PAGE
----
As new data begins to demonstrate the waning effectiveness of COVID vaccines over time, health chiefs in Cayman are contemplating if and when booster shots will be required.
Studies in Israel and the UK have shown that the protection conferred by the BioNTech/Pfizer two-shot vaccine — administered to around 70% of Cayman’s population — appears to fade over time.
In Israel, health officials recorded declining antibody levels in vaccinated patients, combined with a surge in “breakthrough infections”.
People who had the jab in the early days of the country’s national vaccination programme were the worst impacted.
An Oxford university study published on Thursday found that the efficacy of the Pfizer vaccine against symptomatic infection almost halved after four months.
While protection against hospitalisation and death remains relatively high, the chances of symptomatic infection increased with time from the initial jab.
Pfizer has acknowledged the data and supports a recommendation for a third dose between 6 and 12 months after getting fully vaccinated.
Cayman began its vaccination programme in January. If the data is correct, those that were inoculated in the early part of the year — including the elderly, vulnerable and health workers — would be most susceptible to breakthrough infections.
Cayman’s Chief Medical Officer Dr. John Lee said he was following the information coming out of the UK and Israel very closely.
He said UK health officials are awaiting the results of a COVID-19 vaccine booster study, expected in the next couple of weeks.
“This is likely to give us information of timings of boosters and the combinations of vaccines that are likely to produce the best results.”
He acknowledged that some who had been vaccinated early in Cayman may be keen to get a third dose — particularly if they have travel plans.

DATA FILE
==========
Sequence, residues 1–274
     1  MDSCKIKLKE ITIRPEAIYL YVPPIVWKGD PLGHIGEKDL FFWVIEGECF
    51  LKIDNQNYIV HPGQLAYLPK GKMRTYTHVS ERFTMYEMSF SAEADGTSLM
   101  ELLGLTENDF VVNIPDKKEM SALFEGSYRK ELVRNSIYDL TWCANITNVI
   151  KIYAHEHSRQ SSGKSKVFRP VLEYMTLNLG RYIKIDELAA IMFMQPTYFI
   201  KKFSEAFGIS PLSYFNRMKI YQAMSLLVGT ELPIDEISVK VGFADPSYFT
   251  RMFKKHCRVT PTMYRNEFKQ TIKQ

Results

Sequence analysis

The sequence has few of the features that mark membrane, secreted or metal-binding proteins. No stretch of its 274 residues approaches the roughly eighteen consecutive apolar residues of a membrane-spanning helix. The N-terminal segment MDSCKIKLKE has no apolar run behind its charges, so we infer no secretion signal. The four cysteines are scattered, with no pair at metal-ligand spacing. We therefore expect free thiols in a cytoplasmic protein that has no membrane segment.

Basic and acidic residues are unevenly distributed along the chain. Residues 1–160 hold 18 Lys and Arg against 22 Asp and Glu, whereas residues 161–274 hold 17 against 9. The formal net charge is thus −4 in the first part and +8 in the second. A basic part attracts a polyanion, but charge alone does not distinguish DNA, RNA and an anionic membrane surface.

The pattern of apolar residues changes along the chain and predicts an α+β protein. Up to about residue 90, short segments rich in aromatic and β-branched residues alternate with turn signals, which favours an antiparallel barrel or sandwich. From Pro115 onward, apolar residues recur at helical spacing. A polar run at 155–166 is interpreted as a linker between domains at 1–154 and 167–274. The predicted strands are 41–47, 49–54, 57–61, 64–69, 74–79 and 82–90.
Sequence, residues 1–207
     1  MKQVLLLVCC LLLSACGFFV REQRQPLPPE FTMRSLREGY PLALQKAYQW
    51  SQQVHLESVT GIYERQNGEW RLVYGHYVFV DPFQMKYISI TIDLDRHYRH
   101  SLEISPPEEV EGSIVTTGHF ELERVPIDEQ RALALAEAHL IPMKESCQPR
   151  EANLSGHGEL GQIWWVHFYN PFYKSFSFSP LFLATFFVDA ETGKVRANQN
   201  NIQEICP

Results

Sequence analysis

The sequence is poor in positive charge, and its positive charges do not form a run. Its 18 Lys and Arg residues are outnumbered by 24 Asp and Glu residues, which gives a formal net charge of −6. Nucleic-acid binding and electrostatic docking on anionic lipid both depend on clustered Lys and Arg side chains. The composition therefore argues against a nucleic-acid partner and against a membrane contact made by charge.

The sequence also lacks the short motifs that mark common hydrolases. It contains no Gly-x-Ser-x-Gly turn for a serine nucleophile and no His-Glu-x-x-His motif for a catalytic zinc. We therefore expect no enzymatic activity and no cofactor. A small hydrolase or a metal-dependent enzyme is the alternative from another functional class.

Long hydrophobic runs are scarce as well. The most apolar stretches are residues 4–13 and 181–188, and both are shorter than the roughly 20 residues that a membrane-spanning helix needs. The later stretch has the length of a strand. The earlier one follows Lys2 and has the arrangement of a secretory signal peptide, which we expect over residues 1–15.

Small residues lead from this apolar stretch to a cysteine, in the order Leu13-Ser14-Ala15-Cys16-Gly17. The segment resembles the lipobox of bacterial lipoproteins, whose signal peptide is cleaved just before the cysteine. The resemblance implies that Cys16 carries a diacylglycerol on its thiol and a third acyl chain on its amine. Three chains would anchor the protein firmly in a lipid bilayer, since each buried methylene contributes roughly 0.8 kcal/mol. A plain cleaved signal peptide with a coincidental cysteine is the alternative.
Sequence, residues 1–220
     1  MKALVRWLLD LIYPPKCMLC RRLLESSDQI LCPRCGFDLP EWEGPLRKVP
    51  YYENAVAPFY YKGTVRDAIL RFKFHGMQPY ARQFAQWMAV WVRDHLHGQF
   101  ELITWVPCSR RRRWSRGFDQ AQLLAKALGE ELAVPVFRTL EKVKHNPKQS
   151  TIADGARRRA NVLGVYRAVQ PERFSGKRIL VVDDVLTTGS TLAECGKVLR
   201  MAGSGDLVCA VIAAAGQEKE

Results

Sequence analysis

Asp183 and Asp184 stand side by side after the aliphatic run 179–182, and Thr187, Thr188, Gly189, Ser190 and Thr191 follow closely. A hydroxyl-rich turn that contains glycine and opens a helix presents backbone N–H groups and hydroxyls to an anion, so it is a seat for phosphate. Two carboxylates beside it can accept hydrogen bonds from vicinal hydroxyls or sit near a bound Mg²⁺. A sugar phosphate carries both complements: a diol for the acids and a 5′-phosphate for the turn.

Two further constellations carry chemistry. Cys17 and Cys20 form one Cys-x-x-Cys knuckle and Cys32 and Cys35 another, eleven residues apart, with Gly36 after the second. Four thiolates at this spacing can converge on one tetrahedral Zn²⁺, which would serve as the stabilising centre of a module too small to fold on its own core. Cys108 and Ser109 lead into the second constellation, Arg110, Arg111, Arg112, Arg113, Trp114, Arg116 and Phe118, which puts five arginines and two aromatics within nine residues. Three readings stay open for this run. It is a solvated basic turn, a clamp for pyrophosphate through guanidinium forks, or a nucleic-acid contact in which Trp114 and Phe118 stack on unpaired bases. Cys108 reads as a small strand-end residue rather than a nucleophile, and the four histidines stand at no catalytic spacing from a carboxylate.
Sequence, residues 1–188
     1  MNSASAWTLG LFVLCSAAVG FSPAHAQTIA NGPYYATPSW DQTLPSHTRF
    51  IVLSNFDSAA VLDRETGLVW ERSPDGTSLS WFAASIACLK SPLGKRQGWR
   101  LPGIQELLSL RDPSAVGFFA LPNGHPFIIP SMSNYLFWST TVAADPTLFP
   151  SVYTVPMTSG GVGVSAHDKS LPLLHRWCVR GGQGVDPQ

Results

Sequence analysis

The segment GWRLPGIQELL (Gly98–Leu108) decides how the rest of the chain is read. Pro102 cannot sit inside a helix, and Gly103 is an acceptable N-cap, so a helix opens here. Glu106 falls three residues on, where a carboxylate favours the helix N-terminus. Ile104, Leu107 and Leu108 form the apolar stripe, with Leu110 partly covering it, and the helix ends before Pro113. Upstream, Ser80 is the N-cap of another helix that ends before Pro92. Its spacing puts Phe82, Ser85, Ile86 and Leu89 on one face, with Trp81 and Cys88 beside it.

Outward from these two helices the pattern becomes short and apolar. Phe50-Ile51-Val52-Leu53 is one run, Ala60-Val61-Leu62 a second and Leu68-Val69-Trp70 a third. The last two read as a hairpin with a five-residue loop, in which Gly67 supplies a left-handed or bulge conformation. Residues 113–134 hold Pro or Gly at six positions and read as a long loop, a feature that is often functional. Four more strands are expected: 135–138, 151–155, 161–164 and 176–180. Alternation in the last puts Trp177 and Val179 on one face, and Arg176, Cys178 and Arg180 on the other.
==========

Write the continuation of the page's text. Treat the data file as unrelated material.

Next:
“Until such time as we have the details of the programmes, and how best to manage boosters, I would ask the public to remain patient,” he said.
“The UK has plenty of vaccine stocks which they will no doubt use wisely to protect those who are in need, as they have done since the inception of the programme.”
UK Health Minister Sajid Javid has confirmed that 35 million additional doses of the Pfizer vaccine have been ordered and expressed confidence that a booster programme will begin in the UK in September.
Dr. Lee added, “The Governor has repeatedly reassured the public that should the UK roll out a booster programme, then UK Overseas Territories would receive sufficient vaccine doses to mirror that programme as part of the UK’s ongoing support.”
He said chief medical officers in the overseas territories, including himself, had been given the same assurances during weekly conference calls with Public Health England.
He cautioned, however, that there are still many people in Cayman who are yet to have their first jab.
“I really do hope that those who have not yet been vaccinated come forward. If we end up wasting some of the supply we have been given, which expires at the end of October, the UK Government may find it difficult to prioritise booster shots for us over demands coming from within the UK and other Overseas Territories.”